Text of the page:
Online Relationships with Wrestlers

This piece goes to the work I am doing on convergent wrestling.

Writing back in 2006, Henry Jenkins discussed how convergence culture was allowing more fans to have more power. Basically, in this context, convergence culture is this idea that digital technologies like smartphones and the internet have blurred the lines between audiences and producers.

In the past, television and movies would separate out those who produce the media and those who consume the media; in other words, audiences would simply have to take what they were given, and they did not have much say over production. Since the rise of the internet, and especially social media, audiences do have more say: they can talk to producers before, during, and after a television show, or movie, or game, or whatever is produced. As Jenkins (2006) said, “Shows which attract strong fan interests have a somewhat stronger chance of surviving.” That means, if the producers listen to what the fans want, then their productions will do better. Or, at least, that is the idea.

Ten years later, Kresnicka’s (2016) writing reiterates this power of fans by relating it to the “digital empowerment” that has been happening in various areas of life since Web 2.0 and the emergence of social media. With social media, people can connect to one another, control what they consume, create their own content (and thus have their own voices heard), collaborate with others, and curate the information that is out there (dictating what is good and bad in the process). These 5 Cs (Pavlik & McIntosh, 2011) represent some pretty amazing powers given to “ordinary” people, taking away some of the power that had before just been in the hands of producers, politicians, librarians, teachers, and so forth. And this fundamental shift that has led to digital empowerment has been impacting the relationship between media producers, celebrities, and athletes, and their fans.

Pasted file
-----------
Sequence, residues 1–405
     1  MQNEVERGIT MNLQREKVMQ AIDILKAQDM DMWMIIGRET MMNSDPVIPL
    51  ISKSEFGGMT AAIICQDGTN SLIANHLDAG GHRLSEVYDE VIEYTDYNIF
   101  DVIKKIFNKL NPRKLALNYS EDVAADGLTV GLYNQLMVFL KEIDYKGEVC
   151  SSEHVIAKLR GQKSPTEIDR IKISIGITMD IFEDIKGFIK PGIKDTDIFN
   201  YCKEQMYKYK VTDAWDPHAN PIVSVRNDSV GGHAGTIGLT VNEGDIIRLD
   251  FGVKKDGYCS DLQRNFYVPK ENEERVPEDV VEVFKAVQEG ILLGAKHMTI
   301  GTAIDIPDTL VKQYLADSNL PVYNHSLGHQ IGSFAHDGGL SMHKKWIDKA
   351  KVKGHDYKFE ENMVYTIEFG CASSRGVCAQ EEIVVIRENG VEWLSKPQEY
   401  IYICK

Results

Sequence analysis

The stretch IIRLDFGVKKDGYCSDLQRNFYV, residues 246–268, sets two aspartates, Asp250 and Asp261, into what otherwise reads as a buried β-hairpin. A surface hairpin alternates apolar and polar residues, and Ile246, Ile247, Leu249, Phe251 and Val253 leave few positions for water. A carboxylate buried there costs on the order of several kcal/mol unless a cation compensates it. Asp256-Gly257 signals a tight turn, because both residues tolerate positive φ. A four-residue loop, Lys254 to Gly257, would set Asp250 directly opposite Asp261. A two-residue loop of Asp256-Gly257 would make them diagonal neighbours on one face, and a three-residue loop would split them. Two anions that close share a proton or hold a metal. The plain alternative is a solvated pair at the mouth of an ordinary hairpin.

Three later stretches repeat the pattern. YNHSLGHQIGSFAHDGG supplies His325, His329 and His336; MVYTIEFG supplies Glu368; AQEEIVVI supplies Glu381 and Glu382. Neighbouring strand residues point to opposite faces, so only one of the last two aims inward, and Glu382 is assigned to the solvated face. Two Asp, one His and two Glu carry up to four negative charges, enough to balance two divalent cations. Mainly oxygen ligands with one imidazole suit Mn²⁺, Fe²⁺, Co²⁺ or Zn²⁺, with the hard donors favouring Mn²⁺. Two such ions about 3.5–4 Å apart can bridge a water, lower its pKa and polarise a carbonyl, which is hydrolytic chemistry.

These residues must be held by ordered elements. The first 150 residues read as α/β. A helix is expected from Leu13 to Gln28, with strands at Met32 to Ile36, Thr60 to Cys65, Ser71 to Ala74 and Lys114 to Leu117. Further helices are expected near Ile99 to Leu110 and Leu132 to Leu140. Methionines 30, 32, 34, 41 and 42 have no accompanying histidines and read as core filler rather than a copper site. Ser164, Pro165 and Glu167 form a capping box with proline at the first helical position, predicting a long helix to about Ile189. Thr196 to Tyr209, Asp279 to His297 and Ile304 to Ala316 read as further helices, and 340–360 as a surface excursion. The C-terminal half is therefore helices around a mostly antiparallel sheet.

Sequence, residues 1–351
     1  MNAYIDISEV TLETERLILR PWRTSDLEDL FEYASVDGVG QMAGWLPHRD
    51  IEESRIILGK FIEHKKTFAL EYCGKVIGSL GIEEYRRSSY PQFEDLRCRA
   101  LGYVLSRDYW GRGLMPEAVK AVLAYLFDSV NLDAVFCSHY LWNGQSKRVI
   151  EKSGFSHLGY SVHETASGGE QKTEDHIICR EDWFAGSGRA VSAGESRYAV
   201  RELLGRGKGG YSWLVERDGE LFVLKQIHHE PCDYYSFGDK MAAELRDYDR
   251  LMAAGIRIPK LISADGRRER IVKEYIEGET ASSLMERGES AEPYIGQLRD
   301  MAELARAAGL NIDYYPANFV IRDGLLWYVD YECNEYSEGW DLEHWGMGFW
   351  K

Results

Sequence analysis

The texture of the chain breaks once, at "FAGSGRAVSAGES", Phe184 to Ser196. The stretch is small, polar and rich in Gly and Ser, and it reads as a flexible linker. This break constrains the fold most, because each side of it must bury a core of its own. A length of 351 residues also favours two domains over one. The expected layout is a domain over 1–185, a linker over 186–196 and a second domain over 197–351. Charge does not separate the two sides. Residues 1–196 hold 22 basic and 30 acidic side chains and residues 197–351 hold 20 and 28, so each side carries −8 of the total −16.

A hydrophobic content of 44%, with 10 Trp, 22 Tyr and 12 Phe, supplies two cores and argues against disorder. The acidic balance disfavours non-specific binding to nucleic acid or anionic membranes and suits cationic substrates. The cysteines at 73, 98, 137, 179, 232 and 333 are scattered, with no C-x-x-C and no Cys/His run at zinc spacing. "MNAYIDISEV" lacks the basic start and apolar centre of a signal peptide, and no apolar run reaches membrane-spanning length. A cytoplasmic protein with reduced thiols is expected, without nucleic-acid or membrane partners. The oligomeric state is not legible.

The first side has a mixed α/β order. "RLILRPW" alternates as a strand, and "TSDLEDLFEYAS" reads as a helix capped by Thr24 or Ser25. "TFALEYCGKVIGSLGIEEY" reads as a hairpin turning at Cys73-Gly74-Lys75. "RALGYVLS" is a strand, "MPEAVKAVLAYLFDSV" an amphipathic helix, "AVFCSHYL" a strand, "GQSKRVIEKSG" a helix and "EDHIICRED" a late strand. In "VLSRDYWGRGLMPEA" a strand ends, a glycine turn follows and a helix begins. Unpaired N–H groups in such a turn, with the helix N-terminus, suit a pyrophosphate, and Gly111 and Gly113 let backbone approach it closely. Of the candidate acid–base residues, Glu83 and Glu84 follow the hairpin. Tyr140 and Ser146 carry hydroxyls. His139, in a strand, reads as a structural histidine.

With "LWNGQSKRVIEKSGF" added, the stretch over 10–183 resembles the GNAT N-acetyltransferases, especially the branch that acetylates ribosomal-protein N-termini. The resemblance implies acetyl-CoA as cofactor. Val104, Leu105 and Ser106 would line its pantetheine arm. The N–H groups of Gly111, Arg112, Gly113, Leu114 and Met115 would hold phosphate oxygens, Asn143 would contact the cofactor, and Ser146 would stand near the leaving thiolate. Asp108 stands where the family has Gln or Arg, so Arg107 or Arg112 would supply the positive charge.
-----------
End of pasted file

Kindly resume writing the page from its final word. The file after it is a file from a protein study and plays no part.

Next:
Let’s look at this in terms of sports – well, sports entertainment, or professional wrestling.

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Smarks and Convergent Wrestling

As part of the project on understanding professional wrestling through the theoretical lens of convergence (i.e. convergent wrestling), I recently wrote out an explanation for how Christopher Olson (Seems Obvious to Me) and I see this concept of convergence being able to describe various aspects of professional wrestling.

Now, being that we are academics, one way we advance our scholarship and our knowledge is by attending and presenting at academic conferences. In order to test out this idea of “convergent wrestling,” we organized two panels that would bring together different researchers whose work on professional wrestling could be considered as using this theoretical lens. We presented the first such panel at the 2015 Central States Communication Association conference. At this panel, I presented this argument for seeing professional wrestling as an example of various convergences, as presented earlier on this blog. Along with my introduction to the idea, several researchers presented their analyses of the WWE (World Wrestling Entertainment), its fans, and its business practices. With their permission, here are these presentations.

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The Communities of AAW

It takes a community to build a wrestling promotion.

We have been going to AAW shows now for over a year. We have been to see them in the various venues they use in Chicago — Logan Square Auditorium, 115 Bourbon Street, the Berwyn Eagles Club, and Joe’s Live at Rosemont. We have watched some video clips of matches that go back throughout the 13 year history of the promotion.

What amazes me is how often I see the same faces across these different venues and spanning that stretch of time.

As part of my ongoing series reflecting on my time with professional wrestling, seeing the loyalty and dedication of some AAW fans got me thinking about the role of community in this promotion. With any fandom, community is immensely important. One of the reasons people self-identify as fans is because they want to bond with like-minded individuals over the passions that they have. Seeing your passion reflected back by another helps to validate your passion and worldview. And knowing that you share the same passion helps you to geek out or squee (pick your term) over just how worthy that this is to geek out or squee over.

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